‘I imagined that my having written a novel about weight and food issues meant that I owed journalists the lowdown on my private diet and exercise habits. Wrong’
I haven’t the faintest interest in the private lives of authors I don’t know personally, even those whose novels I adore. In fact, the less I know the better. (Real people are so disappointing.) My near-total indifference to where they went to school, what their favourite colour is, and what they eat for breakfast extends to musicians, actors, film directors, and visual artists. Call me a materialist, but I want product.
A purist of sorts, I don’t want that product contaminated even by its source of inspiration. Whether a character is based on someone in the author’s life doesn’t matter to me a jot; I care only that the character lives on the page. With fiction, extraneous information about the writer’s antagonism with his mother simply interferes with the imaginary universe into which I wish to enter as innocently as possible.
Consequently, I’ve no understanding of why anyone would want to read articles published in baffling quantity: profiles of me.
Critics are divided on the importance of literary biography (obviously I don’t read books about F. Scott Fitzgerald, either). But let’s put aside examination of the late-great. Contemporary poking into the private affairs of live writers is less motivated by an august, academic desire to better explore a complex, culturally significant text, and more driven by a lower-rent nosiness, voyeurism, and appetite for celebrity gossip.
Publicists are keen to promote authors as well as their books, and in having capitulated to pressure to give any number of interviews I’ve been a hypocrite. Should I continue to have no integrity whatsoever, as seems saddeningly likely, I will keep giving interviews. But I reject the authorial profile in principle. It’s hard enough to write a decent novel without also having to craft a whole other character outside the book, Your Author, like a tie-in promotional T-shirt.
In times past, writers were shabbily dressed, shadowy types surrounded by dirty coffee cups and highballs with sticky residues of evaporated whisky. It was taken as a given that they were probably homely and shy. They didn’t do photo-shoots.
But writers these days are expected to fashion themselves into yet another product for consumption. Women should be fetching; men should either cut a dashing figure or sport a craggy, harrowing visage. Most of all, both sexes are obliged to be, in and of themselves, interesting.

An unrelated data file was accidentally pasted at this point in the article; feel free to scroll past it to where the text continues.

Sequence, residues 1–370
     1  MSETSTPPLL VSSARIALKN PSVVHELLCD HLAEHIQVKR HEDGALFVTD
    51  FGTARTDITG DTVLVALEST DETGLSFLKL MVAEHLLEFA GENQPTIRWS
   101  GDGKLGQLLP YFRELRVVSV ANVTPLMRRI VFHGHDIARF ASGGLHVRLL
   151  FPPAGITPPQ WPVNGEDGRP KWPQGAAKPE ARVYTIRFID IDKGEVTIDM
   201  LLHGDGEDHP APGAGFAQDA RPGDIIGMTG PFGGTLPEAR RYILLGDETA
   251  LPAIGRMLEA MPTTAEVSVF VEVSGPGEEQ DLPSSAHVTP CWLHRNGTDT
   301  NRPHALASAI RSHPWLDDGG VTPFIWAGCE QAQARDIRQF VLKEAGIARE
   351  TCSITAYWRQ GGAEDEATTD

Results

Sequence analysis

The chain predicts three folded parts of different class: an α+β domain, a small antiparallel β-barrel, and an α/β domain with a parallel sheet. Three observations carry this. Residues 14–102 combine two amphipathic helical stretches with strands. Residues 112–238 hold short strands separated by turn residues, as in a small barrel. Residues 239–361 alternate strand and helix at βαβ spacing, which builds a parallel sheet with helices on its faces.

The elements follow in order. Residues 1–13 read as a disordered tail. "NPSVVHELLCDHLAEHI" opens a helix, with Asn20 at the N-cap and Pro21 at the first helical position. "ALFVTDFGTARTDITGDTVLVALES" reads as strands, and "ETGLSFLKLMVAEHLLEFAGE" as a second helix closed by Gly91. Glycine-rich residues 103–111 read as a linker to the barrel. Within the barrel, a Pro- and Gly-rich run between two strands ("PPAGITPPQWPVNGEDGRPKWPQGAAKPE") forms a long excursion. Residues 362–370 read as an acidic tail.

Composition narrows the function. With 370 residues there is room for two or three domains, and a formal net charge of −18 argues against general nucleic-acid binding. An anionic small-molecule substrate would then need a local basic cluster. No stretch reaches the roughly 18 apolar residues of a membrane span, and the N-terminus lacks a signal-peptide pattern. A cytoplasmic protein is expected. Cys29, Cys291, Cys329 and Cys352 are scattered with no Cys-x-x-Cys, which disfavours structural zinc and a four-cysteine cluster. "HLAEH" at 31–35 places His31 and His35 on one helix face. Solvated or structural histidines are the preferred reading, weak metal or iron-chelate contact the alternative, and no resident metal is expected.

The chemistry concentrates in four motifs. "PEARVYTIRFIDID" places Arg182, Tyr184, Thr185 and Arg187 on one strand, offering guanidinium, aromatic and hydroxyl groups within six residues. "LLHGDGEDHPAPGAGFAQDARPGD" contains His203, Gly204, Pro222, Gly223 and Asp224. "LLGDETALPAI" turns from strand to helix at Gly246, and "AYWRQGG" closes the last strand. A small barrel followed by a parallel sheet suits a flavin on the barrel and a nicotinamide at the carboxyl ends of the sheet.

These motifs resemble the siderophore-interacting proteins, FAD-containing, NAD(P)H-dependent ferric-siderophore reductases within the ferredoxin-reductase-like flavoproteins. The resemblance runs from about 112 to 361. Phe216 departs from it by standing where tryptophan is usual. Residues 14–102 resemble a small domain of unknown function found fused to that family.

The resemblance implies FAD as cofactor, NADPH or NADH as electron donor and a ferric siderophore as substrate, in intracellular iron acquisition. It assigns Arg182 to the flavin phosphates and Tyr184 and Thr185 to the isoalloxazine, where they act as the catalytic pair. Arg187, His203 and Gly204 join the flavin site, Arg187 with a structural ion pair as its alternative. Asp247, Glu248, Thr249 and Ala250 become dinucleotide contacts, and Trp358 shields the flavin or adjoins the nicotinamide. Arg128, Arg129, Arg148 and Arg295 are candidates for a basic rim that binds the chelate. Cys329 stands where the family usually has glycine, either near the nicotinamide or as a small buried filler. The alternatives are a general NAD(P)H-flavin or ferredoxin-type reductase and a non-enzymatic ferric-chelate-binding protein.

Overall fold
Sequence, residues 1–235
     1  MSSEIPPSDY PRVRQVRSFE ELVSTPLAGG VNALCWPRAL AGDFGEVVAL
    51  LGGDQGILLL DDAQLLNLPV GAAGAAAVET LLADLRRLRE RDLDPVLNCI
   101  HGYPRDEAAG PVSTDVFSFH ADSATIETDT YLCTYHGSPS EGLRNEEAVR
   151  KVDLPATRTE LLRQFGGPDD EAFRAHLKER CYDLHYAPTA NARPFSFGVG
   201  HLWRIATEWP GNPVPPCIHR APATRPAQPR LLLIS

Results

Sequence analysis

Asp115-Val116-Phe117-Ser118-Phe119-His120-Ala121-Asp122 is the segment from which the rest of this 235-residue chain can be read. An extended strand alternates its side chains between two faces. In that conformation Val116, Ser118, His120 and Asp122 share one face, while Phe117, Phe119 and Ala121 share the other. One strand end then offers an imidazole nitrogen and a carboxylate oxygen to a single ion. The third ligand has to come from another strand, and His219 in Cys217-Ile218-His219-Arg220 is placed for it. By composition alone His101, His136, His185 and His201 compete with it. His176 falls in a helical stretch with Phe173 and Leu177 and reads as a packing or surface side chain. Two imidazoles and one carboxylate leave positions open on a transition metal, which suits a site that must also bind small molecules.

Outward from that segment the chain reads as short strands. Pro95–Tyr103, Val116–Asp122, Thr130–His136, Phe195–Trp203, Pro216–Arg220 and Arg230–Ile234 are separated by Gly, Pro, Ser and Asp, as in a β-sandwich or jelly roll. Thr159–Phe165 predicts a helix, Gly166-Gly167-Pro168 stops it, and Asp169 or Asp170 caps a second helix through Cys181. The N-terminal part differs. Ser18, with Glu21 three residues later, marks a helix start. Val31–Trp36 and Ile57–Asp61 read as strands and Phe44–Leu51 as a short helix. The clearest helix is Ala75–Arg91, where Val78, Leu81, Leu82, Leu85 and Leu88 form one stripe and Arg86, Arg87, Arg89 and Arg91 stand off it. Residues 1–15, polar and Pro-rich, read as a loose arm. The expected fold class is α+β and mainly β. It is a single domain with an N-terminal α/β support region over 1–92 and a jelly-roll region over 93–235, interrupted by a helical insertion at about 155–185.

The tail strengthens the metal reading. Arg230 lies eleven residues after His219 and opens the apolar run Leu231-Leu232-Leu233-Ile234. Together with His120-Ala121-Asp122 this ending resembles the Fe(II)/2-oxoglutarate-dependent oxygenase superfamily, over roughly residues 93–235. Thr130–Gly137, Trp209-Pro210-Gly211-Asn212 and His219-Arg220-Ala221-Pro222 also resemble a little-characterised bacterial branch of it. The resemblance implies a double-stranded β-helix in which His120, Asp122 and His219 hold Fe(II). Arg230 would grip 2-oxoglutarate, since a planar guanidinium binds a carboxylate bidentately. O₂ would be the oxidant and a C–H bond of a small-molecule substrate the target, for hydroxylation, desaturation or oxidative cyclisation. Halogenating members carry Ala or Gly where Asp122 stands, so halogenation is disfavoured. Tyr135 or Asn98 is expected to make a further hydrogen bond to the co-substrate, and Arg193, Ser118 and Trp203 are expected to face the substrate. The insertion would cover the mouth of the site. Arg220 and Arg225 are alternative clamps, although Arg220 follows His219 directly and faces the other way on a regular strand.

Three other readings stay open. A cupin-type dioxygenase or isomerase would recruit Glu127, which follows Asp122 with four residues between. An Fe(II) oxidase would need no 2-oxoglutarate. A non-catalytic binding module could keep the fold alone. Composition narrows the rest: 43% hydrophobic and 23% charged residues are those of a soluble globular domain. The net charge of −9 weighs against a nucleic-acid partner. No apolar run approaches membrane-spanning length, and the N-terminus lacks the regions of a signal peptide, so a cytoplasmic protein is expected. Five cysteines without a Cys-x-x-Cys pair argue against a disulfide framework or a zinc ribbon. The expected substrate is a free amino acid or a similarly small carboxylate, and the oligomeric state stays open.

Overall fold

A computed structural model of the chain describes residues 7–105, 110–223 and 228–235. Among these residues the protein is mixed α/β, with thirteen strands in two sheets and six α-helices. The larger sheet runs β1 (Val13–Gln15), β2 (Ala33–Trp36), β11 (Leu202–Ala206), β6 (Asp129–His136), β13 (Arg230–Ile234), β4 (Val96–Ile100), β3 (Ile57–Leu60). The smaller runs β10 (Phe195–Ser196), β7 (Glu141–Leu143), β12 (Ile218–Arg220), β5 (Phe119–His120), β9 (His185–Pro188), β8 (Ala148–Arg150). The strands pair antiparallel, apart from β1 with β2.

I think the book has to be interesting. Which should free the author to be a big bore. And you know what? I am very, very boring. Take a step back, and virtually nothing about my life merits a second glance. My family is middle-class. I grew up in the American South, but moved to New York and never looked back — dead standard. Then I moved to the UK. So have lots of people. I write novels, but that’s my job, and plenty of other folks work hard and well at their jobs without giving interviews about it.
Since I apparently have no right to be dull, my most trifling eccentricities have been trotted out to justify the profiling of this secretly dull person. What is embarrassing is not the details themselves; I’m not ashamed of rarely turning on the central heating, since the future in this country belongs to those who padlock the thermostat set to 5 degrees C. What’s embarrassing is any implication that I think these details are interesting.
I cheerfully concede that much of the rubbish about Shriver strewn about the web is all my fault. I’m naturally forthcoming (read: an idiot), and continually forget when sitting down with a pleasant, personable journalist that potentially millions of people are eavesdropping on our conversation. Early in my current book release, I imagined that my having written a novel about weight and food issues meant that I necessarily owed journalists the lowdown on my private diet and exercise habits. Wrong. By the same logic, my previous novel about the perils of American healthcare would have required me to turn over my medical records to the Daily Mail.
Surely all this artistically immaterial fascination with the private lives of creators and performers might be more productively aimed at friends, neighbours, and co-workers rather than at media-generated distortions of total strangers. Then if inquisitiveness about their assets, spending habits, and dietary proclivities seems intrusive and rude, we can appreciate how anyone in the papers might find the same prying equally uncool. Moreover, people whom we know want us to be interested in them, and take healthy curiosity about where they went to school and their favourite colour as a compliment.
Why not wonder about the background of that elderly gentleman across the road, to whom you’ve never thought to talk? Don’t waste that curiosity on me.
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